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ABA Sees Risk of Fraud by People Aiding Illegal Aliens

November 04, 1986|LEE MAY | Times Staff Writer

WASHINGTON — American Bar Assn. officials, expressing concern that illegal immigrants will be exploited by unscrupulous lawyers, notaries and counselors, said Monday that they plan to monitor those giving immigration advice to aliens seeking legal status under the new immigration bill about to be signed by President Reagan.

Frederick Dale Swartz, who heads an ABA panel on individual rights and responsibilities, said the action is planned because "a picture is emerging" that shows great potential for fraud against millions of immigrants.

In cities with large illegal immigrant populations, advertisements on radio, leaflets and business cards are already promising immigrants quick, automatic qualification as legal residents--promises that are impossible to keep--said Swartz and other officials around the country. Fees as high as $3,000 per case are being reported for work that should cost a fraction of that, he said.

"Advertising has begun to escalate, and people are being misled," said Ira Kurzban, a Miami lawyer who is president-elect of the Immigration Lawyers Assn.

Gilbert P. Carrasco, associate director of migration and refugee services at the U.S. Catholic Conference, said his organization has received reports of fraud, "and it is a great concern of ours."

In Los Angeles, Peter A. Schey, executive director of the National Center for Immigrants' Rights, said unscrupulous notaries, attorneys and immigration counselors virtually are promising to "legalize the world," even though many aliens will not qualify for legal residency.

Denial of Amnesty

In general, those illegal aliens who have lived in the country continuously since Jan. 1, 1982, may apply for amnesty, but they must meet other criteria. Schey said his group has identified 29 reasons a person here for that period of time may be denied amnesty, including criminal convictions or having no means of financial support.

Also, contrary to some claims that promise expedited paper work, no legal residency applications will be accepted by federal officials until next May. Immigrants will have one year to apply after that date.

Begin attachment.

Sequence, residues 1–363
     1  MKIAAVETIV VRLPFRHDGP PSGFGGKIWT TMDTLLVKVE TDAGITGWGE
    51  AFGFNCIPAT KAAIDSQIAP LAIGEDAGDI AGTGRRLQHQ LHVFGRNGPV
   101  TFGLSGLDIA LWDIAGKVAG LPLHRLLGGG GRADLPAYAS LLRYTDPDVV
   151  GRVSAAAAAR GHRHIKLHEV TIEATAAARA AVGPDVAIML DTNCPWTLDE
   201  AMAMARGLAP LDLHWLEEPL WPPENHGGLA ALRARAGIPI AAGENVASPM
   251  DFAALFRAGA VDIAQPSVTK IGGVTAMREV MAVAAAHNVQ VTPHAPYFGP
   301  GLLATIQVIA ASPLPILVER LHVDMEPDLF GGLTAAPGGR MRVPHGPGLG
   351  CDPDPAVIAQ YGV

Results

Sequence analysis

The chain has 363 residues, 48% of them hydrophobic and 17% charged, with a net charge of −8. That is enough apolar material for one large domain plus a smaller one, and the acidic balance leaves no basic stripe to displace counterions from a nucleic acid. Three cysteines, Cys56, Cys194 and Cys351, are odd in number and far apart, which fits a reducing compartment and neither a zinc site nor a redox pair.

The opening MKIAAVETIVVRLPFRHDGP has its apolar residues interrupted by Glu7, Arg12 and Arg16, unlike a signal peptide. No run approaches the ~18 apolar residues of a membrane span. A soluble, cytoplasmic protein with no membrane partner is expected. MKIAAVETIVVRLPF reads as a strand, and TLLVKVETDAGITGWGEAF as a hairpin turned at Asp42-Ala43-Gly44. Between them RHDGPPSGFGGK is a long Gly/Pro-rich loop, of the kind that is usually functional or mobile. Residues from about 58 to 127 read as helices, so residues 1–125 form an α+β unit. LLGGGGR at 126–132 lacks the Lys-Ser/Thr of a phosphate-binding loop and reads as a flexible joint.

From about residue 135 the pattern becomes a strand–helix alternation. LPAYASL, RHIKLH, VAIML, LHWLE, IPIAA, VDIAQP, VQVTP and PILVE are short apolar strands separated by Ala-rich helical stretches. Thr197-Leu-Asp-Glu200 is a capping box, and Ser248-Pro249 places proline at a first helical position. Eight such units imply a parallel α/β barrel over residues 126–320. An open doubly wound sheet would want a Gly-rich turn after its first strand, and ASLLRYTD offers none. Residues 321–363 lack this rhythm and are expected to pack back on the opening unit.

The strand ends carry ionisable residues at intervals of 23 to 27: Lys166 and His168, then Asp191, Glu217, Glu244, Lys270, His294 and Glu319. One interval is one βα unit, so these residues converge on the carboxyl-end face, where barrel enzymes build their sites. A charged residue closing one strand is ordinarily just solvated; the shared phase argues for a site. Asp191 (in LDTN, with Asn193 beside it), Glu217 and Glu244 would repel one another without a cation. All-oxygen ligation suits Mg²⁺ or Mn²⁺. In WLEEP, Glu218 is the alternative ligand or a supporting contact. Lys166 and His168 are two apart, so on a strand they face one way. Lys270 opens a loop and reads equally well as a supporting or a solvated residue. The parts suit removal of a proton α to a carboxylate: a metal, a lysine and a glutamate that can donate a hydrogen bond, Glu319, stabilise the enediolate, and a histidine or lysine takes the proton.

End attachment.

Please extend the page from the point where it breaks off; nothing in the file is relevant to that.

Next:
Swartz said that an ABA committee will meet in Washington this week to discuss the issue, which has been given "high priority."

Swartz, who noted that he received "spontaneous applause" last Friday when he mentioned the problem at a Miami meeting of lawyers from around the nation, said the ABA panel will "monitor the practices" of lawyers and non-lawyers, looking for complaints about exorbitant fees and unrealistic promises.

Disbarment action will be initiated against dishonest lawyers, and information on other cases will be referred to legal authorities for possible prosecution.

Richard H. Keatinge, chairman of the ABA's coordinating committee on immigration, said the group plans to "prepare a simplified manual," probably in Spanish and English, to advise immigrants of their rights and of procedures in the new bill.

Among those who seek business from the immigrants, notaries public should receive particular scrutiny, immigrant rights advocates said.

In Mexico and some other countries, notarios are allowed to perform functions that are, in this country, reserved for lawyers, such as representing people in some legal proceedings, the rights advocates said. But, in the United States, notaries generally are authorized only to fill out forms and verify that a person appeared before them.

Therefore, unscrupulous notaries could have a relatively easy time preying on vulnerable immigrants who do not understand their limited authority, rights advocates said.

Eugene E. Hines, executive director of the 24,000-member American Society of Notaries, acknowledged the possibility of abuses.

"In our newsletter, we condemn the practice (of overcharging or making inflated promises)," he said, "and we're on record as favoring strict laws on this point. We decry the whole mess."

California prohibits notaries from charging more than $10 to fill out immigration forms, said James W. Randall, chief of the notary public division in the California secretary of state's office.

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